Civil Society Responds
      We have to protect the Internet in every way we can, because it's the primary medium that we can express ourselves in without having to go through gatekeepers, either international or local ones.
      Esra’a Al Shafei, CrowdVoice.org founder

Just how compelled are governments – even in democracies – to ensure “net neutrality” or the treatment of all Internet traffic equally? Against a slew of proposed legislation to control the Internet, a nascent counter-movement within civil society is emerging. In the United States, the proposed Stop Online Piracy Act and the Protect Intellectual Property Act set off history’s largest online protest on 18 January 2012 and led to a postponement of both bills. In May 2012, the multinational Anti-Counterfeiting Trade Agreement succumbed to growing numbers of online and street-level protests, particularly in Eastern Europe. Critics claim that the proposed Cyber Intelligence Sharing and Protection Act would permit firms to bypass privacy laws to spy on citizens and pass information to the state in the name of national security. Additionally, the Electronic Freedom Foundation warns that the upcoming Trans-Pacific Partnership Agreement proposes even more restrictive measures than earlier attempts to control the Internet.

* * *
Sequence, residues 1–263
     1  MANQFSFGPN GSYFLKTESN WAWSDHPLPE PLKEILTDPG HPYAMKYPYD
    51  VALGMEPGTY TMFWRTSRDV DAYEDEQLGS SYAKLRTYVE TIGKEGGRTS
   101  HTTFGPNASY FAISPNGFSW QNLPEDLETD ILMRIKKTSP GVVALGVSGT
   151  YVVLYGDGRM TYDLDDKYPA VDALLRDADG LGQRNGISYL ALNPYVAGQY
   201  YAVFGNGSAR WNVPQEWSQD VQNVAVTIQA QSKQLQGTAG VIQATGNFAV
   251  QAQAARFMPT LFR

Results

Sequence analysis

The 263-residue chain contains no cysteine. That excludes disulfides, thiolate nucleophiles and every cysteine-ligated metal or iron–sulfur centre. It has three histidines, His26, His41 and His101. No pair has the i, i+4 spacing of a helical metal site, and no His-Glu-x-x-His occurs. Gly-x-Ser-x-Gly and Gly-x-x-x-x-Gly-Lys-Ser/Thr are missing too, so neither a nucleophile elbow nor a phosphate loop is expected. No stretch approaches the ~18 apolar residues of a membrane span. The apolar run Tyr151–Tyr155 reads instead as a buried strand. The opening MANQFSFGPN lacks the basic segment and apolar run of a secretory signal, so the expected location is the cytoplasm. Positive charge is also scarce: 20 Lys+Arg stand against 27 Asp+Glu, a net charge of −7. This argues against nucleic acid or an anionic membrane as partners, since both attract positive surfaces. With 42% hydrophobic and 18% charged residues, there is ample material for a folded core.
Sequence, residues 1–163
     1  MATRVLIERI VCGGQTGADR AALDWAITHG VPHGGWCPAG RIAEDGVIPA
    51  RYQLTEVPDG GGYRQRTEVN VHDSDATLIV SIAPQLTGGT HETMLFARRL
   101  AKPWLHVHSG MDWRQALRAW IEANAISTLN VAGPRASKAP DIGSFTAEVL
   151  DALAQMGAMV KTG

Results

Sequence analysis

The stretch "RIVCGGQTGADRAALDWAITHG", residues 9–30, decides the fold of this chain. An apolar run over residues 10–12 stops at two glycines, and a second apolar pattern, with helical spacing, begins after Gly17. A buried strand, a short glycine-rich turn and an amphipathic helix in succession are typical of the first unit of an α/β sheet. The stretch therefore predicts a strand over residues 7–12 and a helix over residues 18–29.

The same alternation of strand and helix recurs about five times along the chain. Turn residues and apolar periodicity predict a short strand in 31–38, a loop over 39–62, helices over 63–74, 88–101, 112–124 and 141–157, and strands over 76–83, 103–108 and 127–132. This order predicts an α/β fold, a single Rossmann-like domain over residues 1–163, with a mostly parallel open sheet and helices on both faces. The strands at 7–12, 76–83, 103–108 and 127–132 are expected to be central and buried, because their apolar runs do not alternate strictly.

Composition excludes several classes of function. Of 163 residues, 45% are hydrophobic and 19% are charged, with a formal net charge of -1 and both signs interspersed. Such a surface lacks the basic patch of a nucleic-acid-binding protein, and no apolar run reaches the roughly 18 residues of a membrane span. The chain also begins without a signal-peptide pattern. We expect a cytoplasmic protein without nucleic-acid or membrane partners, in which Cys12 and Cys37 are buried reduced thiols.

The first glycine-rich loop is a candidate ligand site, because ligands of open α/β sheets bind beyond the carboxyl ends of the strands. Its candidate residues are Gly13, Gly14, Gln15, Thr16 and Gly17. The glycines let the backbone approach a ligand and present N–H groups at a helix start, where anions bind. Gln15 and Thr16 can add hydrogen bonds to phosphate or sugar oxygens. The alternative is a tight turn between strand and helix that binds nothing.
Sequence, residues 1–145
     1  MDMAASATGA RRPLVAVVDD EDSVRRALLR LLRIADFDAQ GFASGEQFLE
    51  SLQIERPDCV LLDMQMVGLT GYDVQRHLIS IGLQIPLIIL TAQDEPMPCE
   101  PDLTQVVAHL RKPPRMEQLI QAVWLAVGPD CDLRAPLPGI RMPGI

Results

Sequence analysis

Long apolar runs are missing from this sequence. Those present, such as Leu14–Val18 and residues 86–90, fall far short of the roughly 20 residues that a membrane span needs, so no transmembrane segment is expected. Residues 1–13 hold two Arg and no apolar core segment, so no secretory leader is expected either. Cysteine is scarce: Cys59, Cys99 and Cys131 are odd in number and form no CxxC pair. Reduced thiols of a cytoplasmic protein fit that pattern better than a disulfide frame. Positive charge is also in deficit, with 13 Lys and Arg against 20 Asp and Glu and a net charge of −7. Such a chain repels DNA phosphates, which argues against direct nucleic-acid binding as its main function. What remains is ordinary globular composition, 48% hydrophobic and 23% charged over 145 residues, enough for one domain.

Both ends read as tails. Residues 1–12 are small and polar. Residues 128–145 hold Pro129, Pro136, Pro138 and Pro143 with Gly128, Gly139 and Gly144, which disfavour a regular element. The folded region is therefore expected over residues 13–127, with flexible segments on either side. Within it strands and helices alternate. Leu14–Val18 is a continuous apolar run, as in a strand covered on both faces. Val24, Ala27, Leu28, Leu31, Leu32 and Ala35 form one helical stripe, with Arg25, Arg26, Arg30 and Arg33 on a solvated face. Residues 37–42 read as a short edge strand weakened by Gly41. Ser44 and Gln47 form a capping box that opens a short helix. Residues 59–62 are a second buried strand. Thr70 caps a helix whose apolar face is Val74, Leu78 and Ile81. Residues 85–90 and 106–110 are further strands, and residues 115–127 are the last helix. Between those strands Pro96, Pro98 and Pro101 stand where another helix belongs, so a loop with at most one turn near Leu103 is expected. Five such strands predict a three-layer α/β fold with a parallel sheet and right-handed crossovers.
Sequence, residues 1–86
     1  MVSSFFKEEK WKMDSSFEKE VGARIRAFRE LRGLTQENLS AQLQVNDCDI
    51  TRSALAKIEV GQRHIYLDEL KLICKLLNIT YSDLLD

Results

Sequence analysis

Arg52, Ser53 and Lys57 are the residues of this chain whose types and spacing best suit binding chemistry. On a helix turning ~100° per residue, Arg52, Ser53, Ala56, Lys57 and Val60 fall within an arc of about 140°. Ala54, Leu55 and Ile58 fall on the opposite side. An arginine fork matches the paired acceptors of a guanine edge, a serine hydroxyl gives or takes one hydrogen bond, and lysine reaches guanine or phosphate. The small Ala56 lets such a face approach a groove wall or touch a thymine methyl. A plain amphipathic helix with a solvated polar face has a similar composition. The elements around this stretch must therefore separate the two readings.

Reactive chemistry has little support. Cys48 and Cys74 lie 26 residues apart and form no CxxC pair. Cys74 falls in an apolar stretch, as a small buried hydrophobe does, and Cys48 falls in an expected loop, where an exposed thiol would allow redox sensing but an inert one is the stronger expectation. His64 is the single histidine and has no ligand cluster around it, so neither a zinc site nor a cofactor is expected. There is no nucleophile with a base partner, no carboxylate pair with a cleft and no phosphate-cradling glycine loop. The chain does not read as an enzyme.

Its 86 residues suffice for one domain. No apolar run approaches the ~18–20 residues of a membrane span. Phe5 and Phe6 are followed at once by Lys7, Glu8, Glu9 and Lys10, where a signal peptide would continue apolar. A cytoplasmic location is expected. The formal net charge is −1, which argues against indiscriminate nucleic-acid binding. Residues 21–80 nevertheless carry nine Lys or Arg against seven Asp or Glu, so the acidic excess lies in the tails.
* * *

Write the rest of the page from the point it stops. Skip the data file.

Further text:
While states and organizations such as the ITU vie for influence, civil society groups are also demanding a say in Internet governance. In the lead-up to the World Conference on International Telecommunications (WCIT) in December 2012, a global coalition of civil society organizations and academics submitted a letter to the ITU Secretary-General demanding participation and a more transparent process to decide how ICT will be managed and regulated. A few countries are starting to heed calls to respond to digital privacy issues. Following considerable online protest by civil society, in 2010 the Chilean government became the first country to bring in laws to prevent Internet Service Providers from restricting Internet use. In May 2012, the Netherlands became Europe’s first nation to pass net neutrality legislation to limit the circumstances under which ISPs are permitted to wiretap customers or decline their access.

The Future of the Digital Commons